EEOC conciliation often requires employers to negotiate with an inequity in knowledge regarding the material evidence relevant to the charge. In normal litigation, disclosure obligations and discovery result in both sides having a relatively equal understanding of the relevant facts, so the parties can engage in an independent evaluation of liability and damages exposure. A settlement judge or private mediator can supplement that evaluation with their own objective analysis. Having the evidence out on the table – or at least most of it – enhances the parties’ ability to reach an acceptable agreement because they are negotiating from the same or similar knowledge base.

In comparison, the EEOC conciliation process often forces the employer to negotiate from a position of ignorance because the EEOC is reticent to inform the employer about the evidentiary basis for the EEOC’s cause determination. This is not a material issue for some charges because the employer’s own investigation may uncover sufficient material facts to allow the employer to fully appreciate the nature and extent of its discriminatory conduct (e.g., an employer finds out after a charge is filed that a supervisor actually did sexually harass a subordinate).

But, what about charges where the employer performs an objective investigation, with the assistance of counsel, and finds little or no facts to support the EEOC’s cause determination? Prior to rendering a cause determination, the EEOC receives information from the Charging Party, from the employer through its position statement, and through the EEOC’s own investigation. Some of this evidence will be known to the employer, but some may not be known because the EEOC does not share the evidence obtained through its own investigation.

As a result, the employer may only know one side of the story, which greatly inhibits its ability to evaluate the EEOC’s conciliation demand. While employers can request additional evidence and information from the EEOC, those requests are seldom responded to in a comprehensive manner because the EEOC takes the position that it is not required to provide evidentiary support for its cause determination.

To an employer, it can seem that the EEOC’s position is, “you violated the law, but we are not going to tell you why we think that – trust us and accept our conciliation terms.” That attitude is arguably inconsistent with the Supreme Court’s belief that the EEOC is required to investigate “claims of employment discrimination and settl[e] disputes, if possible, in an informal, noncoercive fashion. Occidental Life Insurance Company, 432 U.S. at 368 (emphasis added).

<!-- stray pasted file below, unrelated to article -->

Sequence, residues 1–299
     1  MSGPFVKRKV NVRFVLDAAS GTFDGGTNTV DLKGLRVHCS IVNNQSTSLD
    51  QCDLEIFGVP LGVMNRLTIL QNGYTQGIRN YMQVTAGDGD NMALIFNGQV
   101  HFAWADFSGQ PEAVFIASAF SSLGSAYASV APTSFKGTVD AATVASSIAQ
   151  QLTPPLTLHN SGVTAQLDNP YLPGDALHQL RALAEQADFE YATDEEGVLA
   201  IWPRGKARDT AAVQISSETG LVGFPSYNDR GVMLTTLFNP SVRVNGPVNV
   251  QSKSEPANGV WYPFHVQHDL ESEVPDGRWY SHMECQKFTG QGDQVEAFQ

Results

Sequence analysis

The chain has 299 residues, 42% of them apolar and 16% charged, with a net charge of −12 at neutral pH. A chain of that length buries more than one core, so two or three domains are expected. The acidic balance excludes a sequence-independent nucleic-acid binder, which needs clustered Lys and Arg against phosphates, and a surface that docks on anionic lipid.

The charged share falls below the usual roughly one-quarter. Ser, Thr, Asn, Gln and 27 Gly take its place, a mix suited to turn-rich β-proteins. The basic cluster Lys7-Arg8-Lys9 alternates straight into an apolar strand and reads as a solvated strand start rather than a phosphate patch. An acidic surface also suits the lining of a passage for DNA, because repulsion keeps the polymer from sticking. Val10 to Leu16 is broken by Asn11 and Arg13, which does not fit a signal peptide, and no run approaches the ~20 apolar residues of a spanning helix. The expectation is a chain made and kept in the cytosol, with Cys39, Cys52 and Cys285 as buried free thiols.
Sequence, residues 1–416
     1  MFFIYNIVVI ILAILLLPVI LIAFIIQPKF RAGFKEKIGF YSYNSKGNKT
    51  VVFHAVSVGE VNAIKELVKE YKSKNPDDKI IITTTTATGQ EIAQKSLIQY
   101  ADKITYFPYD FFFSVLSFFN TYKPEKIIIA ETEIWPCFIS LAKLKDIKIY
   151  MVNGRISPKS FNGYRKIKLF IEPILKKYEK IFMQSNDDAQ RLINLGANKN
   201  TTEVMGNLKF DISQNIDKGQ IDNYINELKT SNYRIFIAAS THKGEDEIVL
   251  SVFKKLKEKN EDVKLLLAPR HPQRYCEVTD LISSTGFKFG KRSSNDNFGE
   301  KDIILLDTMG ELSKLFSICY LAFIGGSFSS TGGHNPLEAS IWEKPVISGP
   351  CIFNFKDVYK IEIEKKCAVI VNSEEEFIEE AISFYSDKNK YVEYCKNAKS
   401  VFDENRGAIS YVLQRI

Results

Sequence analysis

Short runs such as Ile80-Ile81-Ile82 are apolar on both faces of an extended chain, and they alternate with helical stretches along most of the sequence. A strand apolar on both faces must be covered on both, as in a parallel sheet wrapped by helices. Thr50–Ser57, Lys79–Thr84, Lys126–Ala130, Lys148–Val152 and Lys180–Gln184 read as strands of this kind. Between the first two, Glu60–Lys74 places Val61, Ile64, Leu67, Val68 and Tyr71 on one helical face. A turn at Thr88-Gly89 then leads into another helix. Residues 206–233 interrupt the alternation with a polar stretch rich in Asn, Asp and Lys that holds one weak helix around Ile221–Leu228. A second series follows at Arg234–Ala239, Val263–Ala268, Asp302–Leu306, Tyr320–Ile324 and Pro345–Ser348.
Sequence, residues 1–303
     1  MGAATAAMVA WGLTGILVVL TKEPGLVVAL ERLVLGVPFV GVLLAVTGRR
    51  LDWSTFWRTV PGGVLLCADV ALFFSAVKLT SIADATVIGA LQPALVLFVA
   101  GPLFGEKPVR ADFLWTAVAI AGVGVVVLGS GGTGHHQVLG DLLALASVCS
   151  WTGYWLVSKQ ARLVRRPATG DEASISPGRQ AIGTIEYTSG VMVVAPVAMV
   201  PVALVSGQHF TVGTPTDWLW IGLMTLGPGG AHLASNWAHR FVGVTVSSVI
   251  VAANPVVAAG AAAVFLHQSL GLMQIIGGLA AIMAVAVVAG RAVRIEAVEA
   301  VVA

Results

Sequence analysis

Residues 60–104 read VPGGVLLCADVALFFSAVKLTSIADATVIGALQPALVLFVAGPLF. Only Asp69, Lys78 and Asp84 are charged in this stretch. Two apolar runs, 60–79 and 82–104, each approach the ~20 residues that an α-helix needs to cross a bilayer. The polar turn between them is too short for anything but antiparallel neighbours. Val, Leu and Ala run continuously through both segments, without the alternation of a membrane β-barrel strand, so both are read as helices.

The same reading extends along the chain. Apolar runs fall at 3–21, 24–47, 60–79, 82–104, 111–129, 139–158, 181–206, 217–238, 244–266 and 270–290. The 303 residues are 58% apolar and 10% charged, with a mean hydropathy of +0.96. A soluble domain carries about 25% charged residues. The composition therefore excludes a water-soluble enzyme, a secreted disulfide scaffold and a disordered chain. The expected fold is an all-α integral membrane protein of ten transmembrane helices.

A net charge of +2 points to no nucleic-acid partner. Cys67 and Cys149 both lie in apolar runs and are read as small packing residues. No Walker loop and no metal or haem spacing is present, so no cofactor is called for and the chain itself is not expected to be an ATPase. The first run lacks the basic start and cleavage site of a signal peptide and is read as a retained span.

Adding to this frustration is the EEOC’s tendency to quickly terminate conciliation discussions without significant negotiation if an employer takes a position that is substantially different from the EEOC’s initial conciliation demand. In the end, employers can be faced with either paying far more than they believe a claim is worth, and accepting intrusive EEOC administrative demands, or with the painful prospect of becoming entwined in an EEOC enforcement action that may last years and result in enormous defense costs.

Employers may often conclude that they have no choice but to reject a conciliation demand and risk proceeding to litigation. However, this choice is contradictory to the entire purpose of the conciliation process which, as outlined above, is to encourage informal resolution without forcing the parties to resort to litigation in federal courts. In fact, the U.S. Senate recently recognized this problem, and others, in the EEOC’s current handling of its administrative responsibilities. On November 24, 2014, the Senate Committee on Health, Education, Labor and Pensions issued a Minority Staff Report entitled “EEOC – An Agency on the Wrong Track? Litigation Failures, Misfocused Priorities and Lack of Transparency Raise Concerns About Important Anti-Discrimination Agency.” The report outlines several concerns regarding the EEOC’s conduct, including a history of being rebuked by federal courts for failing to adequately conciliate charges. The report cites examples where federal courts have criticized the EEOC’s conciliation efforts as violating the agency’s statutory obligation, and dismissing EEOC enforcement actions accordingly.

For example, in EEOC v. Bloomberg, 967 F. Supp.2d 802 (S.D.N.Y. 2013), the Court entered judgment against the EEOC because it sought to prosecute claims by individuals without first going through the conciliation process on those claims. The EEOC’s conciliation demand included more than $6 million each for identified Charging Parties, and a $7.5 million fund to be divided by the EEOC among members of a then-unidentified class of employees allegedly suffering pregnancy discrimination. Although the employer found the discrimination claims lacked merit, it offered each Charging Party $65,000 but stated it could not agree to any fund for the alleged class, “absent further information about other potential claimants.” The EEOC closed conciliation the day after receiving the employer’s response. The EEOC then filed suit on behalf of the purported class of employees suffering pregnancy discrimination. The employer eventually obtained summary judgment on those claims, after which the EEOC sought to continue the case on behalf of twenty-nine claimants who were not previously identified in the charge or during the conciliation process.